Three Perspectives on the Status of Global Food Security

By Laura Reynolds

On April 20, the Heinrich Böll Foundation hosted a meeting and discussion entitled, “Addressing the Global Food Crisis: Assessing Progress Since 2007.” Three speakers, Timothy Wise from Tufts University’s Global Development and Environment Institute, Karen Hansen-Kuhn from the Institute for Agriculture and Trade Policy (IATP), and Neil Watkins from ActionAid USA, discussed whether on-the-ground progress has been made to provide greater food security around the world.

Agricultural development must focus on building the capacity of smallholder and women farmers. (Photo credit: Bernard Pollack)

Timothy Wise presented the findings of his recent report, “Resolving the Food Crisis: Assessing Global Policy Reforms since 2007,” co-authored with Sophia Murphy of IATP.

“This is considered a new era in agriculture,” said Wise, citing that the prices of rice, corn, soybeans, and wheat in the next decade are projected to remain 50-100 percent higher than they were at the start of the 21st century.

In the four years since the crisis, some encouraging signs of progress in the food system have emerged. Multilateral organizations and funders, including the United Nations and the World Bank, have increased their commitment to agriculture and rural development. These organizations have recognized that smallholder farmers are important in today’s food system, and can play a key role in achieving regional food security. And policymakers, nongovernmental organizations, and donors have more fully acknowledged the world’s resource constraints, including limited and changing water supplies in many regions, and the role that climate change will have in agricultural development in the coming decades.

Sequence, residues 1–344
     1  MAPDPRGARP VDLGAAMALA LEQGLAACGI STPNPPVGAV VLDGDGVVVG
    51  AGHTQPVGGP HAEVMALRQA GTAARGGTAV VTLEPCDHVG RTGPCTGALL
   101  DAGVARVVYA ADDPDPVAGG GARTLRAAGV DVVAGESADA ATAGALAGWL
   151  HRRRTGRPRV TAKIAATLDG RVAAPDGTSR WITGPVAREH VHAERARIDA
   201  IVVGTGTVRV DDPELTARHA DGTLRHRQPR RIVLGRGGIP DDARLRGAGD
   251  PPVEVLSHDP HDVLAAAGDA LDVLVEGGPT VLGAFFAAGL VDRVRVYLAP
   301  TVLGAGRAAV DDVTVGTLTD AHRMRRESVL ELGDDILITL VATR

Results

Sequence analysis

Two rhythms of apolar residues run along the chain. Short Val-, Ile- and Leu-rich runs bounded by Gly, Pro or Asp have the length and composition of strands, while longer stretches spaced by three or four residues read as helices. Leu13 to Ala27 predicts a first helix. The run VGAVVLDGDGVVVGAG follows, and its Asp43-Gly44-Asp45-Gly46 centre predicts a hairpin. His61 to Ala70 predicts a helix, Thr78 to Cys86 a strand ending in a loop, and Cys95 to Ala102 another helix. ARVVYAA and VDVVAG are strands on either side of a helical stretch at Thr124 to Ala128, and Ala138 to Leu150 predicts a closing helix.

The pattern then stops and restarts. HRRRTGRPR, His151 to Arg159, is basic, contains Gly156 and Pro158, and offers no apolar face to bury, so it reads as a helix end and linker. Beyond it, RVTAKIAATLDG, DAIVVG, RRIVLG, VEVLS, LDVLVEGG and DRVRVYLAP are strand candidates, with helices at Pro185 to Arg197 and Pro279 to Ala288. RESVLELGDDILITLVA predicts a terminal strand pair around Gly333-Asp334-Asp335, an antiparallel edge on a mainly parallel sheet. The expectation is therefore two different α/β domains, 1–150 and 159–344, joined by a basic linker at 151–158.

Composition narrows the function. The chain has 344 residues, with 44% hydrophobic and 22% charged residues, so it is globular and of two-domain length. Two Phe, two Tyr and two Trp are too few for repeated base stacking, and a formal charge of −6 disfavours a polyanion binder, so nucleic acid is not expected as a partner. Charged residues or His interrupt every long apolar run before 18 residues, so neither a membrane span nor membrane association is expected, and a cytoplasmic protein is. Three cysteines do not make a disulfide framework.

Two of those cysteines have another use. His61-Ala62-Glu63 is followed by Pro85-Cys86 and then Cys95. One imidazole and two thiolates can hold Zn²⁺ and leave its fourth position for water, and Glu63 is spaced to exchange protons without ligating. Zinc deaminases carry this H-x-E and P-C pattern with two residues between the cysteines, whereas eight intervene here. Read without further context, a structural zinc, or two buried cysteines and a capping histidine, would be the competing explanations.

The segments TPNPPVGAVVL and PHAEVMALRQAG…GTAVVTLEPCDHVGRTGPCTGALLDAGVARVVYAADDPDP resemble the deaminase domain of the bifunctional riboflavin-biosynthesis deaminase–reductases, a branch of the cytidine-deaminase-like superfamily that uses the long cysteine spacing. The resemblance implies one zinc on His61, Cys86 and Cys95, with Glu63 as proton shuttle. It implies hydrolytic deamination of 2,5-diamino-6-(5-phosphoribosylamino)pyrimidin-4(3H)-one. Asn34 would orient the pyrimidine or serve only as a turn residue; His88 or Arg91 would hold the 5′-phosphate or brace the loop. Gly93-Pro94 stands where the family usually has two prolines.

But problematic policies persist. Countries continue to rely on market-based solutions to food and resource shortages, rather than the more controversial need-based reallocations of resources. And domestic food production continues to have a lower priority in funding projects than connecting producers to the export markets.

Karen Hansen-Kuhn discussed the state of food price speculation, and any reforms that have taken place since the crisis. Private investors can bet, or speculate, on what the price of a food commodity will be in the coming weeks or months. Hansen-Kuhn showed that food commodity prices are directly correlated with the number of futures contracts, or the contracts that investors sign when they bet on prices, and both spiked in 2007-2008.

Hansen-Kuhn pointed out the encouraging steps that multilateral organizations have taken to regulate price speculation. The UN Committee on World Food Security (CFS) has prioritized food price volatility as an area of study, and in 2011 it published a report entitled “Price Volatility and Food Security.” And in the United States, the Dodd–Frank Wall Street Reform and Consumer Protection Act, passed in July 2010, called for maximum limits on the investment of a single speculator, as well as improved transparency in all speculation.

But she also pointed to some steps backward in speculation reform: countries in the Group of 8, or G8, and Group of 20, or G20, have resisted the investigation and findings of the CFS, and have not responded to their calls for increased regulation. And implementation of the Dodd-Frank Act has been slow and uneven, with many legal challenges delaying its having a real effect on speculation.

Neil Watkins, Director of Policy and Campaigns at ActionAid USA, discussed the Global Agriculture and Food Security Program (GAFSP), a multilateral body that funnels pledges from the G8 and a few other countries to agricultural development projects in developing countries. Watkins praised the public-sector branch of GAFSP for its democratic and inclusive governance structure. It is governed by a steering committee of 12 voting members, consisting of six donor-country representatives and six developing-country representatives. The committee also has 11 non-voting but fully participating members, including ActionAid and farmers’ organization leaders from Africa and Asia.

But Watkins argues that “GAFSP could do more to incentivize ‘innovative’ projects that actively target the poorest and most marginalized farmers [with a priority on agro-ecological practices], not just to scale up existing projects.”

Watkins, Hansen-Kuhn, and Wise all expressed the need for the G8 and G20 countries, which will meet this June and July, to help food-insecure countries implement their own individualized plans for agricultural development, rather than continuing to impose top-down, ‘one-size-fits-all’ development programs.

What do you think governments and organizations should do to improve global food security?

Laura Reynolds is a research intern with the Nourishing the Planet Project.

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